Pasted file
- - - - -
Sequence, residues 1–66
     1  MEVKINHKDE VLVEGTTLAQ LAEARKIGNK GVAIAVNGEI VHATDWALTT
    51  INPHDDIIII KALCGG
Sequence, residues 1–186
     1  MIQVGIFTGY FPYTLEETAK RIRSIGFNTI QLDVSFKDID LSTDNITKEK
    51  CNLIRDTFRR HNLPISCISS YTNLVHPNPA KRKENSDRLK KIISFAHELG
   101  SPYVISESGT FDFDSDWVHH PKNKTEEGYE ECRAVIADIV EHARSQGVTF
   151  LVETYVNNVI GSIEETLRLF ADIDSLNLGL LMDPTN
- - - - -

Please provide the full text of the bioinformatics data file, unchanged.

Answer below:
Sequence, residues 1–66
     1  MEVKINHKDE VLVEGTTLAQ LAEARKIGNK GVAIAVNGEI VHATDWALTT
    51  INPHDDIIII KALCGG
Sequence, residues 1–186
     1  MIQVGIFTGY FPYTLEETAK RIRSIGFNTI QLDVSFKDID LSTDNITKEK
    51  CNLIRDTFRR HNLPISCISS YTNLVHPNPA KRKENSDRLK KIISFAHELG
   101  SPYVISESGT FDFDSDWVHH PKNKTEEGYE ECRAVIADIV EHARSQGVTF
   151  LVETYVNNVI GSIEETLRLF ADIDSLNLGL LMDPTN